UNO Has 65 New Trees


On Thursday, more than 30 volunteers and coordinators gathered on the campus quad to plant 65 trees. Led by local nonprofit NOLA Tree Project, the plans for the entire affair were conceived and pursued by student body president Nigel Watkins.

“This was his brainchild.” said Connie Uddo, executive director of NOLA Tree Project. “He just wanted to see more trees on campus.”

Watkins initiated the planning stage late last year. “We’ve been working with NOLA Tree Project since November,” he said.

Uddo highlighted the fact that the venture would not have been possible if not for the volunteered labor and supplies. Hailing from Indiana State University’s chapter of Campus Crusade for Christ International (Cru), 28 multicultural students traveled to New Orleans on one of their regular mission trips. On this particular trip, they toiled to make Watkin’s idea a reality.

According to Uddo, Bayou Tree Service donated the mulch and local tree farmers on the Northshore donated the trees.

As a result, the exploit was far less expensive than it might have been.

“This is equal to about a $15,000 project, and we’re doing it for $5,000,” Uddo said.

“We really wanted to get New Orleans trees down here – oak trees, maple trees – just some really strong Southern trees,” said Watkins. “I love how big these trees get, and how old they get.”

But the endeavour was not based on a whim. It was undertaken as a part of the sustainability initiatives promoted by President John Nicklow. The addition of 65 trees will, in time, greatly affect UNO’s daily environment.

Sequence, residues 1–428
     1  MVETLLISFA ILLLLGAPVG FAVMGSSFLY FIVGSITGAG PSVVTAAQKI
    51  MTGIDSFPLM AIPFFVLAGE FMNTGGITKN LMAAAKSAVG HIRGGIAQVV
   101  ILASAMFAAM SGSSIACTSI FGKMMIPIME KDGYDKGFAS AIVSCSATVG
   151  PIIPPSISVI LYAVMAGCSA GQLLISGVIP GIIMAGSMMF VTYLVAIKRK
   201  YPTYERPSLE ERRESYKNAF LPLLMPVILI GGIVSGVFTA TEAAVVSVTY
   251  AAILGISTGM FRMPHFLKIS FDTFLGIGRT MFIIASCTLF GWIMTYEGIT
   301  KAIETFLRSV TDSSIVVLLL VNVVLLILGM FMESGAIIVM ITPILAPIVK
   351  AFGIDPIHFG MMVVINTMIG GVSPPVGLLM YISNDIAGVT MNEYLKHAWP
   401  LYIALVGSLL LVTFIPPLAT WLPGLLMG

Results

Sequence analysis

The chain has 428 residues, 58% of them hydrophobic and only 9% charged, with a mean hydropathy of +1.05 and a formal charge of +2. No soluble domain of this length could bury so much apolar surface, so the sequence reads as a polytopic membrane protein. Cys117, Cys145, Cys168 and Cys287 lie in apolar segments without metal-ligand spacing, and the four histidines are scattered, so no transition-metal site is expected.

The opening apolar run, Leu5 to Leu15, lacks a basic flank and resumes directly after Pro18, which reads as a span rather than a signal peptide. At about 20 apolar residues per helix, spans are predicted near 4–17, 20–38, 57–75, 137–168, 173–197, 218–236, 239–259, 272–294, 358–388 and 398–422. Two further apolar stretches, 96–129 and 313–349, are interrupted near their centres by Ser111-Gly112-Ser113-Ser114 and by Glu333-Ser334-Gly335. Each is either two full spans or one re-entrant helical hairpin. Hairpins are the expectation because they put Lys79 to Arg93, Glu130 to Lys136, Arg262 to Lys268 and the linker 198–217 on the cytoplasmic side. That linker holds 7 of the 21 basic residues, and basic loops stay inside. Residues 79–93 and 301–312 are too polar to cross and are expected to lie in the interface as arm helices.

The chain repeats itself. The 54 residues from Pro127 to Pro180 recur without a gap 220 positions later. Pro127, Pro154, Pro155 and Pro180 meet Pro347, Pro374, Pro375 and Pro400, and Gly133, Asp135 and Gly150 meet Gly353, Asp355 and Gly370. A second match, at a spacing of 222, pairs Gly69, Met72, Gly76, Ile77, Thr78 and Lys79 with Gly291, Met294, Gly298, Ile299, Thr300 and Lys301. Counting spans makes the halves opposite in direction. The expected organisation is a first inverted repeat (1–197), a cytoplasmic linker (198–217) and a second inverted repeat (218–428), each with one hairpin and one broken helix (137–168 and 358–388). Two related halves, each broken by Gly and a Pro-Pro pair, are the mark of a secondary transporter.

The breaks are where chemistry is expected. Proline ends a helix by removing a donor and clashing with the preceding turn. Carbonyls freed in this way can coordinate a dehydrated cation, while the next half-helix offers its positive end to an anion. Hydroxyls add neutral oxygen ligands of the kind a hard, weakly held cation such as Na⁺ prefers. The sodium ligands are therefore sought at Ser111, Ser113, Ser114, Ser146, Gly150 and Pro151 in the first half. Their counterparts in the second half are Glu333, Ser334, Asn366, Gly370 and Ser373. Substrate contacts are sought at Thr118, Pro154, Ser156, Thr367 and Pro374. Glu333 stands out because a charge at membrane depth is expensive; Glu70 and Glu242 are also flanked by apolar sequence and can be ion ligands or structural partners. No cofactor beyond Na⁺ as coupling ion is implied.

The hope is that these trees can use the groundwater and help prevent flooding during heavy rains. “This is a pretty high-flooding area,” stated Watkins. “The water has nowhere to go.”

“This is not just a beautification project,” said Uddo. “It’s important that students and college campuses understand the environmental impact of trees.”

She pointed out that the trees would “offset the carbon dioxide and carbon monoxide” in the surrounding area, as well as provide more shade, reduce the ambient temperature and “keep the campus cooler.”

Trees are also known to raise property values, and new trees might make for a friendlier, more beautiful campus, which may encourage enrollment. Watkins added that UNO visitors and current students alike could benefit from the improved atmosphere.

“We bought a bunch of hammocks,” he said, which UNO students can use on the trees already providing shade around the campus.

“New Orleans lost 100,000 trees due to Katrina,” said Uddo. Since then, the NOLA Tree Project has planted more than 44,927 trees overall, according to its website. But it is a local initiative to not only supply the metropolitan area with more foliage, but to aid the community overall.

“We don’t just do trees, we do disaster relief work,” Uddo stated, citing the organization’s history of providing aid after Hurricane Harvey, recent Baton Rouge floods, the Aug. 5 flood, and tornadoes in New Orleans East.

People interested in helping the NOLA Tree Project in the future can visit and hit the volunteer tab at the top of the site. Further tree evangelism exists in the form of Soul NOLA, a similar organization whose website offers advice on how to start planting trees in public spaces at